Authors: Drew VanDyke,David VanDyke
Nick came up from the basement and gave us the all-clear; forensically, that is. “I’ll take what I got to the lab and see what I can figure out.” Then he left.
Sister Lena said, “I hope you don’t mind, Ashlee, but when Adam called and said you needed a broom-sweep, Siegfried and I decided that this would make a good teaching opportunity for Amber’s training.”
“And the rest of you?” I looked at the others.
Oh, we’re just here for moral support,
Siegfried thought at us, and we all had to laugh.
“Well, this I gotta see,” I said. Hey, if my space was going to be invaded, I might as well be entertained.
“All right, Amber. You know what to do,” Sister Lena said and I watched as my sister lit a bundle of sage in a conch shell and proceeded to fan the fumes into every corner of my open studio layout. She then proceeded down into the basement and eventually even crawled her way up the tunnel to the duck blind.
I watched as she crouched low and returned, dirt smudges on her elbows and knees. I expected her to bitch and moan about how filthy I kept my escape hatch, but she didn’t say a word. When she got back to the main floor, she chanted for a moment, centered herself, and then held the dustpan in one hand and the swiffer in the other.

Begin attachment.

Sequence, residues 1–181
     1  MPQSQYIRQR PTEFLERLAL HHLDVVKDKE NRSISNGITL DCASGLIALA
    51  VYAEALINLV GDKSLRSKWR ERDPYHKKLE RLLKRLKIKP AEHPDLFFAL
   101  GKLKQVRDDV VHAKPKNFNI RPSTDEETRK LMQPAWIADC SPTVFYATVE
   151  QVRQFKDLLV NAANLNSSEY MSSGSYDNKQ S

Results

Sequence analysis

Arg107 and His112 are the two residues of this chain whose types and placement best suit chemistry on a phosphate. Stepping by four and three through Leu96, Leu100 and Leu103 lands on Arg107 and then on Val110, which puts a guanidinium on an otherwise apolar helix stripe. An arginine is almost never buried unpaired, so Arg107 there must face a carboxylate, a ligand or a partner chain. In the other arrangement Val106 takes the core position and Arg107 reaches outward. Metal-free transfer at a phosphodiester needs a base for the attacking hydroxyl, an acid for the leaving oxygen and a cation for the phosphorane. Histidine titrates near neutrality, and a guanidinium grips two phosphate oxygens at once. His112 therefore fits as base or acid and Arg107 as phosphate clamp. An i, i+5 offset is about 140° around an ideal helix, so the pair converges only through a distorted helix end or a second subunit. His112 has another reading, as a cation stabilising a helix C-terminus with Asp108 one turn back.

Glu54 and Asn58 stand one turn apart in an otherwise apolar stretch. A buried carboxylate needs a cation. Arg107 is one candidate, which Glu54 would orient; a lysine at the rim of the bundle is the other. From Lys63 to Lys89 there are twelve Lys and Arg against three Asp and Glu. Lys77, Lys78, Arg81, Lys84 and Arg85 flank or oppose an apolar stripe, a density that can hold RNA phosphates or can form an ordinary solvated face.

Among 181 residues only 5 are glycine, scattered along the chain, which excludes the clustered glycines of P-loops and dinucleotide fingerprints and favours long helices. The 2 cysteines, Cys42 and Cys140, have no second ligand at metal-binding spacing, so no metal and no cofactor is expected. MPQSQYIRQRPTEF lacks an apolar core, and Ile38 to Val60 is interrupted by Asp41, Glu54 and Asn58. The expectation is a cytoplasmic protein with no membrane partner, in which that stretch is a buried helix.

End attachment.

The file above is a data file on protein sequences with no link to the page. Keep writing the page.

Within this keep
This house to sweep
Gather up the charms and bugs
Reveal the spies, the thieves and thugs
Show us spells they may have placed
Repeat the paths that they have traced
Sweep this place from top to bottom
Cleanse this space from all things rotten!
My twin tossed the cleaning tools into the air, and I kid you not, those things began to dance. Up across the cathedral ceiling that housed the kitchen and dining room they slid past walls and windows, over crossbeams and light fixtures, and even zipped down to the blades of the ceiling fan. Each place they went, the dustpan caught whatever the modern-day-broomy thing swept.
I was afraid that the pan would get weighed down by the leavings of my poor housekeeping skills. I think Amber worried too as she narrowed her eyes and pulled her shirt up over her nose and mouth against the dust.